today-designersThe brief Every year Netherlands-based agency Today Designers challenges itself to come up with a creative publication to showcase its wares – “A statement for looking differently at things and being inspired by nature,” explains Today Designers partner Bob Derksen. 

In previous years, the company had printed a book cover using volcanic ash, but this time around the team wanted to print a book of stories about the sea that played on the olfactory senses.

The solution Today Designers hit on the idea of printing a book using squid ink so that the stories would smell like the sea. To start with the team had to establish whether or not it was possible to print using the ink so they visited a local harbour to collect fresh squid ink that was then used to conduct some screen printing tests. 

“During the tests we knew that the ink was working and printed the most intense black,” says Derksen. “So we found two excellent writers who were enthusiastic to help us with the nautical tales.”

To intensify the fishy smell the team added a little bit of water and a drop of oil. This combination was used on the book’s cover. Inside the book the squid ink was mixed with a “little bit of printing ink” to aid drying and avoid creating a sticky mess.  


The outcome The book was a resounding success. “It went all over the internet!” says Derksen. “The international design blogs picked it up from New York to Hong Kong, but also a lot of food magazines were interested.”

The brief The cheese brand launched a new all-natural recipe in 2012 and although a fresh outdoor, print and TV campaign had helped to change consumer perception of the product, it was felt Dairylea’s voice on the shop floor hadn’t caught up. So this Easter the company commissioned BMB Neon to create a campaign. The primary objectives were to maximise penetration by 1.5 percentage points, increase the Dairylea Facebook community by 7.5% and improve year on year value and volume sales by 20%.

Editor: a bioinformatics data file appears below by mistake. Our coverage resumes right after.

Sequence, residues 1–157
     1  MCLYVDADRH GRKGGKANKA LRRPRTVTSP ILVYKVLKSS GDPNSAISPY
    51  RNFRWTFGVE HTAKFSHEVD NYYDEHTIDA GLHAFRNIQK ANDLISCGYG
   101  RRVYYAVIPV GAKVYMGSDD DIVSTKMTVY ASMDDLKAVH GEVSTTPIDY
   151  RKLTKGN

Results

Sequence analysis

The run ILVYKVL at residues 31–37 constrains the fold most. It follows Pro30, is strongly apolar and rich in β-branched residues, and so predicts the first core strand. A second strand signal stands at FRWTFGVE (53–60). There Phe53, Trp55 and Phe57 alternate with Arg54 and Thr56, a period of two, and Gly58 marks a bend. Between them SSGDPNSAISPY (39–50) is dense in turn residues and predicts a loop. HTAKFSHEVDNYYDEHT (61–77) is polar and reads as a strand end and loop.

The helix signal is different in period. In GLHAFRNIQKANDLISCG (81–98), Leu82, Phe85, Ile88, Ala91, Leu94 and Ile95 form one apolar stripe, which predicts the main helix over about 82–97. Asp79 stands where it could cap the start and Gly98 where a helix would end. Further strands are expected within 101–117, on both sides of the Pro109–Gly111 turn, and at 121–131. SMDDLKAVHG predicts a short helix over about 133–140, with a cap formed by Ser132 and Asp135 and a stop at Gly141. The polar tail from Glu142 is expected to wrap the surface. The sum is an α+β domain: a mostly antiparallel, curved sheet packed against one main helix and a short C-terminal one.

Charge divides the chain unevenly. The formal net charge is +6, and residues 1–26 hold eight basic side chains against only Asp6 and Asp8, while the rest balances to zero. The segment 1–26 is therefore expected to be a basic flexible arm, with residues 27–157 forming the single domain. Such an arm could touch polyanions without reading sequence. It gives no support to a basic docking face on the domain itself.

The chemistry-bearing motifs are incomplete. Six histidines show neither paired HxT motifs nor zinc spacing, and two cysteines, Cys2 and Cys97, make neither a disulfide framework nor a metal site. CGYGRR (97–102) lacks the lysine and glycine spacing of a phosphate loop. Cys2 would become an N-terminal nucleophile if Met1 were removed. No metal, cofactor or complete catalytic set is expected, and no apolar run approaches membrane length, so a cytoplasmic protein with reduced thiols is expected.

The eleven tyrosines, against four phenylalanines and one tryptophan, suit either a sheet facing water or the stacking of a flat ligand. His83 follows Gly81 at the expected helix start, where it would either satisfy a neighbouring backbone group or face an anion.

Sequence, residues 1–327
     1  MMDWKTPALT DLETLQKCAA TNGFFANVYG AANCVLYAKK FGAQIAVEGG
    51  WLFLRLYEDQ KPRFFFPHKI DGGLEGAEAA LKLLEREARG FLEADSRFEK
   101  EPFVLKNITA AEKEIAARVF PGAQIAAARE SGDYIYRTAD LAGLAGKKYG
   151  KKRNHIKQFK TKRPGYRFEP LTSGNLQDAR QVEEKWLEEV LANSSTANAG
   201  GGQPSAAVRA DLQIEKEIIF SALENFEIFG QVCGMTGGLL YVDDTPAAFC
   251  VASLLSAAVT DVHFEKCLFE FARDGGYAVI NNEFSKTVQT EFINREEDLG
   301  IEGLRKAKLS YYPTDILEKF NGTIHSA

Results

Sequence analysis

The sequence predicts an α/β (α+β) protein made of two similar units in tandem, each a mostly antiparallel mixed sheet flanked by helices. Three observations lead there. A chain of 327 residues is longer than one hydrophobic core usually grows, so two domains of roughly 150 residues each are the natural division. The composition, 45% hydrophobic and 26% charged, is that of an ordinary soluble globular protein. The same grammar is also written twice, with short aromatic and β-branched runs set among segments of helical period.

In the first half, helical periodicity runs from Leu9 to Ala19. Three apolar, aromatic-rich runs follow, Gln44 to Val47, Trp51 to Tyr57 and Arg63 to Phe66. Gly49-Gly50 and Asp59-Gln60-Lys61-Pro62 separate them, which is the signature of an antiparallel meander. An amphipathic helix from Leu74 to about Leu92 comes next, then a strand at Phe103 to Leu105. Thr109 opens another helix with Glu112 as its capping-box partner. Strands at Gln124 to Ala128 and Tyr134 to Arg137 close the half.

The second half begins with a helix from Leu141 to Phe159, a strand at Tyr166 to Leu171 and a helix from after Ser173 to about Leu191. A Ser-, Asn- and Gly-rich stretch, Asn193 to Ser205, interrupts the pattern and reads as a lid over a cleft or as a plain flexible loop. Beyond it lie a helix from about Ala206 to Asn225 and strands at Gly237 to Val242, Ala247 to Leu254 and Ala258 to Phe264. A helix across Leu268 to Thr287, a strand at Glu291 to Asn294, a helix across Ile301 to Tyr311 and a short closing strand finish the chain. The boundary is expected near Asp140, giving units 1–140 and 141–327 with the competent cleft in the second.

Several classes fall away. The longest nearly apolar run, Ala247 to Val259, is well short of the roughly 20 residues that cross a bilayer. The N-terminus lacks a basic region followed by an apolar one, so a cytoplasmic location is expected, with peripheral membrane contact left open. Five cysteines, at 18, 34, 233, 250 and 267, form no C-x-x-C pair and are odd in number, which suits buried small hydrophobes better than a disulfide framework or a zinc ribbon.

“As a brand that doesn’t take itself too seriously and is playful in nature, it was obvious we needed to create an innovative mechanic that created theatre and excitement post-purchase,” says Richard Wilcock, account director at BMB Neon.

The solution BMB devised a promotion across multiple channels, including TV, outdoor and social media, but which had opening a pack of Dairylea at its heart.

When opened, Dairylea packs emitted a ‘moo’ to inform shoppers if they’d won a £10,000 holiday. If a shopper didn’t get a winning pack they were directed to the brand’s Facebook page where they stood a chance of winning one of 20,000 Dairylea toy cows that sit in the fridge and moo when the fridge light comes on.

The campaign was supported by a series of motion activated six-sheet posters near supermarkets that mooed at unsuspecting passers-by.  

The outcome In addition to hitting the targets that Dairylea set, the campaign was also a viral success, says Wilcock. 

“As the promotion built momentum we found that the moo-cows became hugely popular in the social community, with shoppers asking how they could win one beyond usual methods. The chatter on Facebook indicated there was a fear of missing out. The demand for these prizes far outweighed our expectations.”